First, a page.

Mike Pence: Meet Donald Trump's Vice President

Mike Pence is the Vice President of the United States. The former Indiana governor, 61, was picked to be Donald Trump's running mate in 2016 and now stands "a heartbeat from the presidency". Here’s everything you need to know about him. Vice-presidential debate Trading barbs through plexiglass shields, Republican Mike Pence and Democrat Kamala Harris turned the only vice presidential debate of 2020 into a dissection of the Trump administration's handling of the coronavirus pandemic, with Ms Harris labeling it "the greatest failure of any presidential administration". Mr Pence, who leads the president's coronavirus task force, acknowledged that "our nation's gone through a very challenging time this year", yet vigorously defended the administration's overall response to a pandemic that has killed 210,000 Americans. They also went head-to-head on abortion, the Supreme Court and the environment. Read more: Vice-presidential debate 2020: Harris and Pence clash over coronavirus response Will Mike Pence ever be president? If Mr Trump had been successfully impeached by the Democrats Mr Pence would have become president. And if Mr Trump were ever to step down due to ill health, Mr Pence would take over. If Mr Trump were to become incapacitated he can, under the 25th Amendment to the Constitution, hand over power to Mr Pence, would become "acting president". From Democrat to conservative radio host Mr Pence was raised a Democrat by Irish-Catholic parents in Indiana, and considered John F Kennedy one of his first heroes. His conversion to born-again Christianity, and the influence of Ronald Reagan, saw him shift to the Right of the political spectrum. Before entering Congress he worked as a Right-wing radio host, describing himself as “Rush Limbaugh on decaf”. He married his wife Karen in 1985 and they have three children - Michael, Charlotte and Audrey. Mike Pence pictured in South Korea in April. Credit: AP Trusted by the Republican Party Mr Pence was considered a safe choice when he was appointed. He's a long-serving Republican official with close ties both to the party establishment and grassroots. Members of the Republican establishment have lauded him for his experience and his solid conservative credentials. He has been in office for two decades, first as a member of Congress and, from 2013, as Indiana’s governor. While in office he pushed for a reduction in government spending, gaining a reputation as a fiscal conservative. He endorsed Ted Cruz in the 2016 Republican primaries, and was praised by Paul Ryan, the former Speaker of the House, who described him a "personal friend" and a "movement conservative". Mr Pence is also an Evangelical Christian, and was an early supporter of the Tea Party movement. Controversial gay rights stance Mr Pence’s most controversial decision as governor was to sign the Religious Freedom Restoration Act into law in 2015. Advocates said it would expand “religious liberty” by allowing business owners to push back when government policy was in conflict with their beliefs. But opponents said the law was discriminatory against lesbian, gay, bisexual and transgender individuals, and it was criticised by Tim Cook, the CEO of Apple, and other prominent business leaders. Pence later signed a revised version of the law, but not before giving a widely criticised interview attempting to defend the original legislation. Vice President Mike Pence and Speaker of the House Paul Ryan applaud as President Donald Trump as he delivers his first address to a joint session of Congress in February. Credit: EPA/JIM LO SCALZO / POOL He’s no Donald Trump Mr Trump and Mr Pence provide a study in contrasts. The president is a free-wheeling showman, while Mr Pence is more measured, and has spoken out against negative campaigning. Mr Trump said he decided he did not need an “attack dog” as a running mate, though, instead wanting someone who could help sell his proposals to Congress.  That saw him reject the likes of Newt Gingrich and Chris Christie in favour of Mr Pence, the so-called "safe option". However, their relationship was rocky to begin with. In 2016 Mr Pence initially called Mr Trump's proposed ban on Muslims entering the US "offensive and unconstitutional", before endorsing Ted Cruz in Indiana's primary election. He quickly backed Mr Trump after that decisive contest, though, and his appointment as running mate was seen as a bridge between Trump-resistant Republicans and their unorthodox nominee. When he accepted the vice-presidential nomination, he described his running mate MR Trump as a "good man". Mopping up after Mr Trump has been a key part of Mr Pence's role as running mate and vice- president. The mild-mannered Midwesterner with strong conservative credentials tried to toughen the businessman's stance on Russia.  When Mr Trump clashed with American Muslim parents whose son was killed serving the military in Iraq, it was Mr Pence who issued a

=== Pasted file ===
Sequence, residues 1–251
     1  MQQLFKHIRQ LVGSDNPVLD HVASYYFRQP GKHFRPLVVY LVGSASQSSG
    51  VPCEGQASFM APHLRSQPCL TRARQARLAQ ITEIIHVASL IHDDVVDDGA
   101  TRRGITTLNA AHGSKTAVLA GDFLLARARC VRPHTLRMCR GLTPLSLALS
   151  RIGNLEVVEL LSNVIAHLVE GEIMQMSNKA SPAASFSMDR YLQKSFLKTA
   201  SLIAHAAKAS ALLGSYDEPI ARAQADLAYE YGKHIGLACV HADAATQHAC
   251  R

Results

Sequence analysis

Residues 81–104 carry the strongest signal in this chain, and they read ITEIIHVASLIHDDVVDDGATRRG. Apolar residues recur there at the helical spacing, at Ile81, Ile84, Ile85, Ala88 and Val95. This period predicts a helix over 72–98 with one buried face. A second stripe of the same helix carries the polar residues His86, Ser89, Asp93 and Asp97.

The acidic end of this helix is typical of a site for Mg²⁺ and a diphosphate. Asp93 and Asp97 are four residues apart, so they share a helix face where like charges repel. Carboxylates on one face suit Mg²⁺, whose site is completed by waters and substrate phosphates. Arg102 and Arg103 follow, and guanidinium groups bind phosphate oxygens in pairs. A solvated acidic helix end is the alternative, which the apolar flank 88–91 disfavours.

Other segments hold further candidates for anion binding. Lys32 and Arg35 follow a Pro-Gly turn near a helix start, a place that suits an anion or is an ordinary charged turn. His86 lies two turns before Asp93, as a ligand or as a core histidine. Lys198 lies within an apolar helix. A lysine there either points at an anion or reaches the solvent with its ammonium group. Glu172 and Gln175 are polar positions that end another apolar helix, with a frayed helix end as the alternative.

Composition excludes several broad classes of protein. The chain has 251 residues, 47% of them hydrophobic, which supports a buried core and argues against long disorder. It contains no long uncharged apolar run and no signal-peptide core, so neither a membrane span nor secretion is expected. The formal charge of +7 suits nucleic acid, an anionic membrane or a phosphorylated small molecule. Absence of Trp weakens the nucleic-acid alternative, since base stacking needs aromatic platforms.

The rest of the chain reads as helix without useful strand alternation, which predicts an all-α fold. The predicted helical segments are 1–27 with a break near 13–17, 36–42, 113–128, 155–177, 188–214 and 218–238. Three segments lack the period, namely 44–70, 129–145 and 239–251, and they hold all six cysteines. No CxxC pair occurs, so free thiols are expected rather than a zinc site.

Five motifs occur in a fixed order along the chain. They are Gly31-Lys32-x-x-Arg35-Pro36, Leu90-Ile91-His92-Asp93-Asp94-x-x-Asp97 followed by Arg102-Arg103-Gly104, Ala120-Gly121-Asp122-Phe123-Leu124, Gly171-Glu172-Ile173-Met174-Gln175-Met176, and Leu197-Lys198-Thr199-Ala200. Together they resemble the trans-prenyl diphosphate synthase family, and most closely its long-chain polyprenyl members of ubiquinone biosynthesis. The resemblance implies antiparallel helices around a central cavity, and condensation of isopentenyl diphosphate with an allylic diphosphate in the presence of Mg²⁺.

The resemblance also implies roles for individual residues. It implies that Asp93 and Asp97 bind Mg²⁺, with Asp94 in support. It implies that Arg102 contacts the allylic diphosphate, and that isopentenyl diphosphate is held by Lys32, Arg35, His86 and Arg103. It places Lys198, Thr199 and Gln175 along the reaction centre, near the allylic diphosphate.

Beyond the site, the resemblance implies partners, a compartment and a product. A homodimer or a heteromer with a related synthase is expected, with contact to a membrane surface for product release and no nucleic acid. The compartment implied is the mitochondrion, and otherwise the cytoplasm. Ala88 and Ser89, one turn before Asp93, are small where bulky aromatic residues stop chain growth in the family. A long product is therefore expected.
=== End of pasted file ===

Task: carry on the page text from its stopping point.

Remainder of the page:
Mike Pence: Meet Donald Trump's Vice President

Mike Pence is the Vice President of the United States. The former Indiana governor, 61, was picked to be Donald Trump's running mate in 2016 and now stands "a heartbeat from the presidency".

Here’s everything you need to know about him.

Vice-presidential debate

Trading barbs through plexiglass shields, Republican Mike Pence and Democrat Kamala Harris turned the only vice presidential debate of 2020 into a dissection of the Trump administration's handling of the coronavirus pandemic, with Ms Harris labeling it "the greatest failure of any presidential administration".